September 27, 2012

Desperate Depression of a Great Yogi. ~ Vic DiCara


Bhagavad-Gita, Plain and Simple – Chapter One.

Setting the Scene.

Bhagavad-Gita is a section of the epic poem, Mahabharata.

The first chapter is basically a transition from the dramatic plot of Mahabharata into the philosophical dialogue of the Gita itself. Right now, we are more interested in the Gita than the Mahabharata, so let’s go through the first chapter lightly and easily, letting unknown people and names remain relatively unknown and beside-the-point.

Throughout this series, my comments will appear in this shaded, indented and italicized font in order to differentiate between them and the text itself.

Section 1:1


A blind, old king asks his minister, “What happened when my sons gathered for war against my brother’s sons on the sacred plain of Kurukshetra?”

The minister answers:

Your eldest son studied the opposing army and went to speak to his guru.

“Gurudeva,” he said, “have a look at the formidable army that opposes us, expertly commanded by your own disciple. Their ranks are full of warriors equally formidable as Arjuna. Compare them to my army. We have you, Grandfather Bhishma and so many other ever-victorious warriors on our side, all well-equipped, experienced, and ready to die for my sake. The other side is strong, but our strength is limitless because we have Bhishma on our side; so let’s all give our full support to Bhishma.”

Bhishma then blew his conch, signaling all the other trumpets, bugles and drums to resound deafeningly—delighting the King’s son.

The opposing army responded immediately and fearlessly—blowing their divine and remarkable conch shells to create a deafening sound that crushed the hearts of their opponents. Arjuna then took up his bow to begin the fighting, but suddenly hesitated and said to Krishna, “Take the chariot out midway so I can better see those who have sided with evil and have come to fight against me.”

Krishna drove the chariot midway between the armies and said, “Here they are, my friend, all the Kurus.”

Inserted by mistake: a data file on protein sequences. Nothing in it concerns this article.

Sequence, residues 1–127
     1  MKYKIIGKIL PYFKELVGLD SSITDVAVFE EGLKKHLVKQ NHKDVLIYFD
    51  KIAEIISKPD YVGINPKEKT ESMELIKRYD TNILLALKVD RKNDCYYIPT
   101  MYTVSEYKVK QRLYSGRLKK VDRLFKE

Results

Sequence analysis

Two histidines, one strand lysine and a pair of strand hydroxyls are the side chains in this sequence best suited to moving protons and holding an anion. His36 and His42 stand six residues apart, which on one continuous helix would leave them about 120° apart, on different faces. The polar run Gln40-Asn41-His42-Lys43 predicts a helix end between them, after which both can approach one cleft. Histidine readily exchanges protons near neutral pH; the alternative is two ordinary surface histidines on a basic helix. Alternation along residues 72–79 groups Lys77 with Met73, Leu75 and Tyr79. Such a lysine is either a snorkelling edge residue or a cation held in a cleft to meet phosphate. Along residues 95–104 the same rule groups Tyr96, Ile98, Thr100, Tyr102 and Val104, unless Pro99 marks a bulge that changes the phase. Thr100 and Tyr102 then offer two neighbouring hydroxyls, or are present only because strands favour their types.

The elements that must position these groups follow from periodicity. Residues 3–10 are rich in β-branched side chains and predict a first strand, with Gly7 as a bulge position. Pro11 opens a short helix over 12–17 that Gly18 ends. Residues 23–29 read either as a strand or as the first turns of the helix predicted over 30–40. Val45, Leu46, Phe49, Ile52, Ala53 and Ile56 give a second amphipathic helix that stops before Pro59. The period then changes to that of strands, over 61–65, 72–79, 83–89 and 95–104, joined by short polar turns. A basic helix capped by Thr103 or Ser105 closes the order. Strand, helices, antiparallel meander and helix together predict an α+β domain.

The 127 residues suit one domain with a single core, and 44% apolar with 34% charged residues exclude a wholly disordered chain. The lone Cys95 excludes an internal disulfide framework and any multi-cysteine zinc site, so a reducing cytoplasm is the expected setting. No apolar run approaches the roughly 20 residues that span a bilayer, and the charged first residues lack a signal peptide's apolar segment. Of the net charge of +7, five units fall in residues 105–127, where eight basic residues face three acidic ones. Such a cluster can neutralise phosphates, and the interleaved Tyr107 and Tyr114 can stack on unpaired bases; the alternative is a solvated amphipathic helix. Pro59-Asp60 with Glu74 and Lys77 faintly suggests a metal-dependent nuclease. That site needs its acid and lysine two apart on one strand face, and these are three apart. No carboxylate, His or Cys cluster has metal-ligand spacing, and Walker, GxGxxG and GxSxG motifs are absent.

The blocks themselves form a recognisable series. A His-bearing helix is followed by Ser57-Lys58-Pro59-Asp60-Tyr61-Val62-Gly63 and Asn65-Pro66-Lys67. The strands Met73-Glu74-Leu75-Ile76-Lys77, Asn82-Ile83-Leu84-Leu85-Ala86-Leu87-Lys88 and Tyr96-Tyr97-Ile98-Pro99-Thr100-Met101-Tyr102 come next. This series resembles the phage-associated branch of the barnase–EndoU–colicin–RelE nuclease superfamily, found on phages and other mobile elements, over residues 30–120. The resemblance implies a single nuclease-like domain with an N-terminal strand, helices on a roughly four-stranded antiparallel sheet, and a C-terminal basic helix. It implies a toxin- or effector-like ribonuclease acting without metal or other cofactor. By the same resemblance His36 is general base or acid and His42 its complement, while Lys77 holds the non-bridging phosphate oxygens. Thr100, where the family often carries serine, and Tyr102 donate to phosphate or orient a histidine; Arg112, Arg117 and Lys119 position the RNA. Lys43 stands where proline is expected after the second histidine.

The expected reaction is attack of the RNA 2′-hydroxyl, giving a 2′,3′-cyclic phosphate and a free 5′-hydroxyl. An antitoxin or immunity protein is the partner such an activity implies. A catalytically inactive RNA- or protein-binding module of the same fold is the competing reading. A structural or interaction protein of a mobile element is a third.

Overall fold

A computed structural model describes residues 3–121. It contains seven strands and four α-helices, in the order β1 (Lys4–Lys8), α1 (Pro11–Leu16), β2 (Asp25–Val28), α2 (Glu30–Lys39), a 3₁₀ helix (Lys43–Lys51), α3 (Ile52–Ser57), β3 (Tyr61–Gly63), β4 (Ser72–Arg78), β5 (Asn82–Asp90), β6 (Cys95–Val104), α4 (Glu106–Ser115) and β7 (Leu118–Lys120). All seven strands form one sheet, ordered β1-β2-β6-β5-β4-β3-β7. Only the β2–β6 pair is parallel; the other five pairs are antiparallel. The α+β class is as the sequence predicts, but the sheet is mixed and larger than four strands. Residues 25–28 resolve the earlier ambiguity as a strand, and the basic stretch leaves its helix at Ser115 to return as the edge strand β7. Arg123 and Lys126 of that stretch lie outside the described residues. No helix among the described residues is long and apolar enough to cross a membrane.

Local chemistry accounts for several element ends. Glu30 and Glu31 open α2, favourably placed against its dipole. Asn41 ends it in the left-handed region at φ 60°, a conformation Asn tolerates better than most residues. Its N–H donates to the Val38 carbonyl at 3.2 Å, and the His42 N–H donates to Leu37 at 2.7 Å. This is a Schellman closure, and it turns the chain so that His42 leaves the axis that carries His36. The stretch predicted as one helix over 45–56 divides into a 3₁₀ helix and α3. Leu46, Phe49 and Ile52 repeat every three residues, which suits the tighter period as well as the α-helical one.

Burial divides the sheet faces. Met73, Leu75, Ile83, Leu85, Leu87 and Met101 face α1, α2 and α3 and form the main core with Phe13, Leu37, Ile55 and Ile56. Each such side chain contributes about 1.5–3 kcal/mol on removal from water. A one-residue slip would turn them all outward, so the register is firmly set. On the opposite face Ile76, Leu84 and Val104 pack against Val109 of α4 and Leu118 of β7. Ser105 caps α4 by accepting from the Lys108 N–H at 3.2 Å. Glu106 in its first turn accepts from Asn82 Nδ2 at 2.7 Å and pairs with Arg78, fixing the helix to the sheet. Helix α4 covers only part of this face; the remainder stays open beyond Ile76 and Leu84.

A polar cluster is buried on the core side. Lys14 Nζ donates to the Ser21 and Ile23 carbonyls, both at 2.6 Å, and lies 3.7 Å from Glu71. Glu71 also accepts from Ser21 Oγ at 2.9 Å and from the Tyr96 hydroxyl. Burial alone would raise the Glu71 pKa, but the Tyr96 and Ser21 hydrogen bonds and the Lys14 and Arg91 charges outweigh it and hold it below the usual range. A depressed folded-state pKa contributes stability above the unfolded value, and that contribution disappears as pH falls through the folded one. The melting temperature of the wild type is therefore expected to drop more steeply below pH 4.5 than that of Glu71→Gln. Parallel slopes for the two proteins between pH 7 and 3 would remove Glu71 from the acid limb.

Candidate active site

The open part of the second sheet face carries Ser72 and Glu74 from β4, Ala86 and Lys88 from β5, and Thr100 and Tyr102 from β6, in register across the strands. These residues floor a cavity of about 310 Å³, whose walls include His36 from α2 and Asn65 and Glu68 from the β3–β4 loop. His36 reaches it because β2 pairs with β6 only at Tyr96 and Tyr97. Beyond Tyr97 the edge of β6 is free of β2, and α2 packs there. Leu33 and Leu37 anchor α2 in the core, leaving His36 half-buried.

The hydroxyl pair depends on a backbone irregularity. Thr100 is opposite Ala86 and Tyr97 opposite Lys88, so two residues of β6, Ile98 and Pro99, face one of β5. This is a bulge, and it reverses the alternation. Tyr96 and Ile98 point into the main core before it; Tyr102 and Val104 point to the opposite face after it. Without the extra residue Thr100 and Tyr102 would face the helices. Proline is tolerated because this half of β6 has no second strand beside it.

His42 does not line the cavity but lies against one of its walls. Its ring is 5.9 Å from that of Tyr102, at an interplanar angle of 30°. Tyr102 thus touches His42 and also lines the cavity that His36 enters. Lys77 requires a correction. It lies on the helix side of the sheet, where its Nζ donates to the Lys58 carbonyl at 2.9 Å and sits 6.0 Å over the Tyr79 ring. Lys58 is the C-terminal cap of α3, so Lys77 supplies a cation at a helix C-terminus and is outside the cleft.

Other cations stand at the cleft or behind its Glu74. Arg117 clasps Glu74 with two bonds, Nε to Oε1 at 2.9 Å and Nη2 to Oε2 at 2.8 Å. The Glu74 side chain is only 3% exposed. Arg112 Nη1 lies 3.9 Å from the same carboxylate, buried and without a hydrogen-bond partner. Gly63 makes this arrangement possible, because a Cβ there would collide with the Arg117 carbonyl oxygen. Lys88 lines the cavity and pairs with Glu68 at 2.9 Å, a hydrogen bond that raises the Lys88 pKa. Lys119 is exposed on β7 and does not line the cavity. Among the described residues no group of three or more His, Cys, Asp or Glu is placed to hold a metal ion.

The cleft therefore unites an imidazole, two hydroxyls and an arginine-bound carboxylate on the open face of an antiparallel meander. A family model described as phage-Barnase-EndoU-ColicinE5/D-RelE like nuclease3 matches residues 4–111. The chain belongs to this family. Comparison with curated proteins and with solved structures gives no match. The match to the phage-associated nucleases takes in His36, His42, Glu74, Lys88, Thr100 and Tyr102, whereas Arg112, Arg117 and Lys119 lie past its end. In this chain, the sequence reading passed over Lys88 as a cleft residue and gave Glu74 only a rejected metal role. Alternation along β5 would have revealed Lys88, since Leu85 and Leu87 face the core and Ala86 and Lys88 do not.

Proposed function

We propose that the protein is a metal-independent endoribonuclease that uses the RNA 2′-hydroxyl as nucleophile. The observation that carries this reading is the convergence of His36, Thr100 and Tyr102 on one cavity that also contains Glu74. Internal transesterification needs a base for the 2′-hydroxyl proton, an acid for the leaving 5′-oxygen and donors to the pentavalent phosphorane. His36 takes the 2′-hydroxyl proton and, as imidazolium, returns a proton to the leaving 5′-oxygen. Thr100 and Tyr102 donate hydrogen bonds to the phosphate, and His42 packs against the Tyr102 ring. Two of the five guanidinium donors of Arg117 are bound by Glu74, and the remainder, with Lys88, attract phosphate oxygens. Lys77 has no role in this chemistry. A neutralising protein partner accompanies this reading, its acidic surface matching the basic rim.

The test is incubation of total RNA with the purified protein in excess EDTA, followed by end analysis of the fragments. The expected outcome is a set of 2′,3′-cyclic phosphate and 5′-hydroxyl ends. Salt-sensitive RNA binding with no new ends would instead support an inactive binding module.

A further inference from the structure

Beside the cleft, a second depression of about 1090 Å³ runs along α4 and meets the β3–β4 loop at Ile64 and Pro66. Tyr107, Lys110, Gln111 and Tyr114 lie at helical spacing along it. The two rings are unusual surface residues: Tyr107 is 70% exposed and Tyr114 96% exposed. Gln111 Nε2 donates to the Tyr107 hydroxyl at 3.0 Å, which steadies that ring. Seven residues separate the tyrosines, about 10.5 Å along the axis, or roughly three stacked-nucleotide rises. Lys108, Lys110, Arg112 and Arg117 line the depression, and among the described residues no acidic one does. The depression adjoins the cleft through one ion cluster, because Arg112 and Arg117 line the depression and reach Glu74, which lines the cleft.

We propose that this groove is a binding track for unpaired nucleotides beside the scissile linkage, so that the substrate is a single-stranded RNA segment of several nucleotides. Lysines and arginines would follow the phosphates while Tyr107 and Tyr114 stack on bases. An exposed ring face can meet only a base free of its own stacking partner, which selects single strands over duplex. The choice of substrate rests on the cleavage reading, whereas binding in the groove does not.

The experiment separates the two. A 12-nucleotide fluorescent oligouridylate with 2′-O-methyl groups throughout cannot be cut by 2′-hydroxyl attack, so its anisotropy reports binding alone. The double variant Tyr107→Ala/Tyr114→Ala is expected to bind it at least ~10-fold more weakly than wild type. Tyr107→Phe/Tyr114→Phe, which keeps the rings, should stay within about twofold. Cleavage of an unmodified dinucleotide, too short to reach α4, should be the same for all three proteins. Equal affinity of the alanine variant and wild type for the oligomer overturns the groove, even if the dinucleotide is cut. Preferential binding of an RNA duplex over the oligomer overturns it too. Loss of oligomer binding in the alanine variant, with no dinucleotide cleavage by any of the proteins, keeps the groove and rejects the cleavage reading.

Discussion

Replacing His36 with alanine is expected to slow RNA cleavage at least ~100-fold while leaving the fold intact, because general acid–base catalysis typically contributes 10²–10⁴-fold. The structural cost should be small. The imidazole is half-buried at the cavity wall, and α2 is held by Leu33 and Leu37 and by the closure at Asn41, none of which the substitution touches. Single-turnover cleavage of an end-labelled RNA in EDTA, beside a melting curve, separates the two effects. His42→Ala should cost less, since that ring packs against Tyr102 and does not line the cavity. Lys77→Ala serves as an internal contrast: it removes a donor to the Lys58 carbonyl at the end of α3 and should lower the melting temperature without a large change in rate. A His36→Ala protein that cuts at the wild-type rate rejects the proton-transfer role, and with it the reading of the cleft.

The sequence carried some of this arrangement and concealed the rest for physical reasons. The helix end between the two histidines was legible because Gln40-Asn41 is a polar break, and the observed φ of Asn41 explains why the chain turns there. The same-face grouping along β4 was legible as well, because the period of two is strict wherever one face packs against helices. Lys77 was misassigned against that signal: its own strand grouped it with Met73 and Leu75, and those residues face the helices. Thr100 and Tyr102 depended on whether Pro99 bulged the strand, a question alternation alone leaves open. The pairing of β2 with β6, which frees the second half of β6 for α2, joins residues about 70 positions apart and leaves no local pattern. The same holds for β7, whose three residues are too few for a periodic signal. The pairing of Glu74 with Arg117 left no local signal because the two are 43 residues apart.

Section 1:2

Arjuna’s Depression

Arjuna saw scattered among the two armies: fathers, grandfathers, teachers, uncles, brothers, sons, grandsons, friends, in-laws and well-wishers. Deeply shaken, he spoke to Krishna.

“My dear friend, when I see all of these relatives prepared to kill one another, I start to shrivel up. I am shaking with goosebumps and pinpricks, and I cannot keep my bow in my hands. I want to run away from here before I go mad. Everywhere I look, all I can see is horrific misery about to descend upon us!”

“Nothing good can come from killing one’s own family. And even if something good did come from it, who would I enjoy it with? How would I enjoy it with my family’s blood on my hands? Even to gain the entire universe, one shouldn’t kill one’s own relatives.”

Arjuna knows Krishna would remind him that the vast majority of these “relatives” had been violent aggressors trying to kill him, his mother and his brothers for more than a decade. So Arjuna says…

“To kill aggressors is self-defense, yes. But since these aggressors are my own family members, killing them is still a terrible crime. Misfortune always results from criminal behavior. They all seem to be blind to this fact, but now that it has clearly dawned upon us we should not follow them into destruction.”

Arjuna anticipates that Krishna will ask, “Just what sort of ‘destruction’ do you think will result by killing horrible people that are trying to kill you?” So he says…

“All these men are fathers and husbands. If I kill them, what will happen to their wives and children? Isn’t it very likely that they will be ruined? Ruined families take to sinful paths. Ruined women are forced into degrading situations. Unwanted children spring forth and usher in the decay of society. So, if I kill these men I destroy the fabric of society. For that I will suffer terrible karmic reaction. Society will also suffer, and even ancestors who are already dead will suffer—since the religious rituals for their benefit will surely be ignored as culture falls apart.”

“It is so strange,” Arjuna continued, “that my pursuit of royal happiness has taken me to hell’s highway. Let me be killed right here, right now—unarmed and unresisting—rather than set foot on that horrible path.”

Saying this, Arjuna cast aside his weapons and collapsed into the chariot’s seat, drowning in a flood of desperation and depression.


 To continue reading, click here.


Vic DiCara (Vraja Kishor das) practices Gaudiya Vaishnava sadhana in Southwestern Japan. His blogs are Bhagavatam by Braja and Bhagavad Gita Plain and Simple.

He is also a practicing astrologer, prolific writer and former guitarist and song writer in the popular underground spiritual-punk band, 108. His astrology website is available here.



Editor: Thaddeus Haas

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